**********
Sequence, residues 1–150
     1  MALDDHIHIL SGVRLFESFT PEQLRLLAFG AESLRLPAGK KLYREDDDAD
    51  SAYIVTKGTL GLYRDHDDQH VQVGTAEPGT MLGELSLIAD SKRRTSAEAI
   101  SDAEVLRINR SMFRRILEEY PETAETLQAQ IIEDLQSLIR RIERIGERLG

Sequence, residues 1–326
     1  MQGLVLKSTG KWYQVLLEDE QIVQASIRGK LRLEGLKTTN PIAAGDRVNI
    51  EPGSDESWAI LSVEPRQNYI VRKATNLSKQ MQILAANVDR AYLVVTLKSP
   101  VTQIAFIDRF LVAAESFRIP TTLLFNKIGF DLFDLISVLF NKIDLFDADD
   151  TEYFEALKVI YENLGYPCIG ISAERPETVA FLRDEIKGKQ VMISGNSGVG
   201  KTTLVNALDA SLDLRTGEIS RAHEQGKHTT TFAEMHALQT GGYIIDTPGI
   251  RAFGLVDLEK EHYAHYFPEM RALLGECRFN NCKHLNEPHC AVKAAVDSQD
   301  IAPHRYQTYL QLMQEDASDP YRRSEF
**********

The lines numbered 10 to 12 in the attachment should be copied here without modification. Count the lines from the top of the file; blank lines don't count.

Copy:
   201  KTTLVNALDA SLDLRTGEIS RAHEQGKHTT TFAEMHALQT GGYIIDTPGI
   251  RAFGLVDLEK EHYAHYFPEM RALLGECRFN NCKHLNEPHC AVKAAVDSQD
   301  IAPHRYQTYL QLMQEDASDP YRRSEF